Stephen Baker

The Boost
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An online Playboy in a cyberworld swimming in porn
June 22, 2014News

The news industry in the age of the boost (2072) is dead. People with brain implants get most of their news directly from e-commerce companies and governments, and they spend most of their online time in the world of entertainment. For many, this means the virtual world, and a lot of what they're doing in that world involves sex.

This fits into the plot of The Boost. Without giving away too much, think of it this way: if you have vital news to communicate to a large population, where do you find everybody?

This is the business model for a site called Badoink (don't want to link to it by adding .com). Jasper Hammill outlines the strategy in an article in Forbes. The idea is to offer a news and features magazine, and to finance the journalism with links to porn sites. Hammill compares it to Playboy, which published big-time writers and featured great interviews, all of them financed by soft porn. The Badoink site looks like Maxim, which updated Playboy's model for the '90s.

Anyone's guess if this venture will work. Most don't. But I expect news to continue to cozy up with the parts of the entertainment industry people will pay for. That means porn, gambling, sports, games and comedy. 

This isn't entirely new. When Jimmy Carter wanted to reach an important demographic in 1976, he looked to Playboy, but later regretted it. 

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Amazon Fire phone: One step closer to the Boost
June 19, 2014News

Amazon's new phone is out, and one of its features, Firefly, brings it closer to The Boost. Firefly allows a user to point the phone at practically any object, send an image to the cloud, and have it recognized and located in Amazon's warehouses. Hit buy, and it will be at your doorstep in a day or two. It even works with movies and songs. 

In The Boost, where nearly everyone has a brain chip, most artifacts of the physical world are also identified and tagged. There's less need for physical objects, because more and more of our lives occur in the entertainment and communications hubs on the chip. (In fact, much of the physical world looks abandandoned.) But it occurs to me that Amazon, if it continues along the line traced by Founder Jeff Bezos, will one day be looking into brain chips. It's the natural evolution of the brand.

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A presidential birthplace lost to China
June 5, 2014News

A Tiananmen Square anniversary post.

The scenario. Twenty-nine years from now, the Chinese offer their cognitive brain chips, or boosts, to the rest of humanity. This presents a no-win choice to the Americans, who have no similar technology in place. If the Chinese chips prevail, they will rule the next stage of technology, and all of the commerce and information that runs on it. But to take a pass on the chips might mean settling for relative Neanderthal status while the rest of humanity advances into Cro-Magnon. 

This is all history by the time of my story, in The Boost. But as a result of the negotiations that occur between the Americans and the Chinese, China extends its dominance across the Pacific, as the Americans did in the 20th century. And they take over Hawaii--the birthplace of President Obama. If you look at history, maps change, often dramatically.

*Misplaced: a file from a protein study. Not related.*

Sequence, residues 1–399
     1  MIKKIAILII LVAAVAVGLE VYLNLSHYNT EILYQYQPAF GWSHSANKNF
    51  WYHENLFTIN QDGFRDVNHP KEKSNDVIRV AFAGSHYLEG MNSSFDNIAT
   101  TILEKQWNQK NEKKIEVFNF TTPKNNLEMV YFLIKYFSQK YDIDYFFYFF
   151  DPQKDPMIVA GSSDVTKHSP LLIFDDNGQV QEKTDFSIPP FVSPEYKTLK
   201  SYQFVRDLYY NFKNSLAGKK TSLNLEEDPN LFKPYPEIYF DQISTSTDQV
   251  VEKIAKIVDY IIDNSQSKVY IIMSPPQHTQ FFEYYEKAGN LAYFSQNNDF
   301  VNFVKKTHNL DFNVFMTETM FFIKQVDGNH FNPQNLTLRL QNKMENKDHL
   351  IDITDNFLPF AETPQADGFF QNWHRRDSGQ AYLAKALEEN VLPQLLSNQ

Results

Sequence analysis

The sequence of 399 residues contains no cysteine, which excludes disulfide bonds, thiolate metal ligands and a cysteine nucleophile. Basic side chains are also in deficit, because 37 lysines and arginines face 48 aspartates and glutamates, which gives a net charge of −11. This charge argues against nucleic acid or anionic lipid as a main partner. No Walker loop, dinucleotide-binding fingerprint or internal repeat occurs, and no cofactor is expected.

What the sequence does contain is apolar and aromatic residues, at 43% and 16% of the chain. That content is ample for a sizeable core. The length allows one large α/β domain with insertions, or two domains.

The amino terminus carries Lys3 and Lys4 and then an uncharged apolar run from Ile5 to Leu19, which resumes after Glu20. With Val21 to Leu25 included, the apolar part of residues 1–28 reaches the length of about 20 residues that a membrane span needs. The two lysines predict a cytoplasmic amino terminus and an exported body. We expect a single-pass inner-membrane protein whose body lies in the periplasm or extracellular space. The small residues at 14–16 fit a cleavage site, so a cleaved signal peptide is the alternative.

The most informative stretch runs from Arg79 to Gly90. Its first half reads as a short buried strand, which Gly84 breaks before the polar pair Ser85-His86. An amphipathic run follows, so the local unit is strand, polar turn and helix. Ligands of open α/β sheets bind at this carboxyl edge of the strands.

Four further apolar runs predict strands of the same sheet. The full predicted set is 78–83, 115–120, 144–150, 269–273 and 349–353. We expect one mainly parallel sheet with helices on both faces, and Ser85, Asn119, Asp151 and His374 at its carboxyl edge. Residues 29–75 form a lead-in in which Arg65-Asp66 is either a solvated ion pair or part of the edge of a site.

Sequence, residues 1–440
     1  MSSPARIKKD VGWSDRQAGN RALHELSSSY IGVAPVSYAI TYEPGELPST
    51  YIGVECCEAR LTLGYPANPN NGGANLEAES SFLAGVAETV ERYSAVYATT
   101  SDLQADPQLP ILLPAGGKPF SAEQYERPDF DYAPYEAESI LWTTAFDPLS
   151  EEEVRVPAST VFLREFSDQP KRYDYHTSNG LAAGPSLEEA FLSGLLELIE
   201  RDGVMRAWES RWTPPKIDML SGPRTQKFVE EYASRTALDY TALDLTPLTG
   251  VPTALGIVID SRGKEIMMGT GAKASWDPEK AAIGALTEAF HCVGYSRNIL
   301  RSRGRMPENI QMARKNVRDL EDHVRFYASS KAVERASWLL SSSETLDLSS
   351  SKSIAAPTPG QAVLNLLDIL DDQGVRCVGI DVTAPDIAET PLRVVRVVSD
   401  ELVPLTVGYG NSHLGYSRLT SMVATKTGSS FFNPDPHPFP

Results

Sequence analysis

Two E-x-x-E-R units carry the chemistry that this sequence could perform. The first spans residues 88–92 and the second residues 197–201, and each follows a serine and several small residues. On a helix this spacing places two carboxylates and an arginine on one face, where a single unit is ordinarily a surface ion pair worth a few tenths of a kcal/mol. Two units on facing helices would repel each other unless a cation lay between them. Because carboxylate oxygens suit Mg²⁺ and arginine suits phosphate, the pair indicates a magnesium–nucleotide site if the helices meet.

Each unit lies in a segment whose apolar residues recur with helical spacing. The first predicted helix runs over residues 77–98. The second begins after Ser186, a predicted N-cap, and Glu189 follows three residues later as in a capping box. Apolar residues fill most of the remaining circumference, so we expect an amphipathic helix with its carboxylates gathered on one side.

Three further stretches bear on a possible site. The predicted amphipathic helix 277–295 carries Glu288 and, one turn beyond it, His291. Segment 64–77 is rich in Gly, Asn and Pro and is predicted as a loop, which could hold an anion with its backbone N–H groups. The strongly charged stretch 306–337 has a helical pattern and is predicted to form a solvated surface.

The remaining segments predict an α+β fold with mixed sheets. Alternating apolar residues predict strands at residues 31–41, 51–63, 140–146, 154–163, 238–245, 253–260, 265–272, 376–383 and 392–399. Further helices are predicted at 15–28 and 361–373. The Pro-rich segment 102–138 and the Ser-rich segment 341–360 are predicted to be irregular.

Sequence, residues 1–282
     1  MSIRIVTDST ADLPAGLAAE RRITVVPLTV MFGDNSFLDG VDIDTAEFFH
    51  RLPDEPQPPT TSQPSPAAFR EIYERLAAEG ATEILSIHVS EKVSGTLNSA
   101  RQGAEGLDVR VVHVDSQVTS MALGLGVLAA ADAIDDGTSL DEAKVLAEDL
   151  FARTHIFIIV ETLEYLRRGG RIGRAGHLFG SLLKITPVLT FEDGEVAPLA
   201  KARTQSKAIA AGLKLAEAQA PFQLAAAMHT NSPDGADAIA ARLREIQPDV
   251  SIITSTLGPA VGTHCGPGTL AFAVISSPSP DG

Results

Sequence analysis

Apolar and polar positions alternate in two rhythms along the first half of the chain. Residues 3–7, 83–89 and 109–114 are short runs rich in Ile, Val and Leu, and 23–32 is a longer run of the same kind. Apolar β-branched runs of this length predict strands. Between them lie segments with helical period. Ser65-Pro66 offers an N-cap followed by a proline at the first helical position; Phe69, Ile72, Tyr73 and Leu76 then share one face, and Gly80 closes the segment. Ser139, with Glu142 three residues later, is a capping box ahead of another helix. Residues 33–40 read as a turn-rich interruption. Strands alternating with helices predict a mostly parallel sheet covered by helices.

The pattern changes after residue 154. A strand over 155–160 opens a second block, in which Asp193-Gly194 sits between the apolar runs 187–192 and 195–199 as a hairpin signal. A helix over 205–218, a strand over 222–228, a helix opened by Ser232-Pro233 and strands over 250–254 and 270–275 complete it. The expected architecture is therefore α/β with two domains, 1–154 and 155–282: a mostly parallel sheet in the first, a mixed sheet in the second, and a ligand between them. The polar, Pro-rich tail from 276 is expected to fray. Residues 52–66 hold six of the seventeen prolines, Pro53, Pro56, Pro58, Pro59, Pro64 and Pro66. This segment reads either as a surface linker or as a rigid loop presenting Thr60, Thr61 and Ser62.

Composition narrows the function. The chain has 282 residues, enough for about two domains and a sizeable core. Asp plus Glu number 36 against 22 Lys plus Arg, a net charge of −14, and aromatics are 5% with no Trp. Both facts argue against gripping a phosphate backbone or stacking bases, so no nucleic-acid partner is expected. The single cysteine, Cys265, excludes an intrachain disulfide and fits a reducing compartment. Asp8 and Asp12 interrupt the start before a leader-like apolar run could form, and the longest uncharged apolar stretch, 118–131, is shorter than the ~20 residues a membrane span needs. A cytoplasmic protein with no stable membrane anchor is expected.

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IBM's Watson can't taste what it cooks
March 6, 2014News

Years before he headed up the team to build IBM's Jeopardy computer, Watson, David Ferrucci co-authored a book. It's called Artificial Intelligence and Literary Creativity--Inside the MInd of Brutus, a Story-telling Machine. The idea was to program a computer to recognize various elements of story-telling--from coming up with a plot to creating characters--and then let it start authoring. Brutus effectively assembled words into coherent sentences and paragraphs, Ferrucci later told me. But it had no way of knowing if what it created was any good.

And that's the problem with teaching machines to be creative. To date, they haven't been blessed with good taste. Sad to report, that's even true when Watson ventures into the kitchen. But perhaps it can find a role as a wild and inventive sous-chef. 

Anshul Sheopuri is on the IBM team training Watson for kitchen work. The idea, essentially, is that most humans are locked into cooking with combinations that we know. Tomatoes, for example, go with oregano, and with Parmesan cheese. Someone might try throwing in a pinch of marjoram with that, or an ill-advised turnip. But outside of celebrity chefs, most of us paint with a small and conservative pallet.

IBM's goal is to get Watson to experiment, suggesting combinations most people would never consider. For this, the IBM team has the computer reduce food to its molecular components, and then rearrange them based on each ingrediant's chemistry and what the computer has gleaned from lots of written material about food. It then comes up thousands of new recipes. Based on its readings, it gives each recipe a score for novelty, its quality to blend with other foods (pairing) and "pleasantness."

Of course, this is all academic. For the computer, pleasantness, along with everything else in the universe, is simply a string of ones and zeros that appears to correlate with other ones and zeros that make up its point of reference. It's up to human beings to pick the most promising looking recipes, cook and taste them.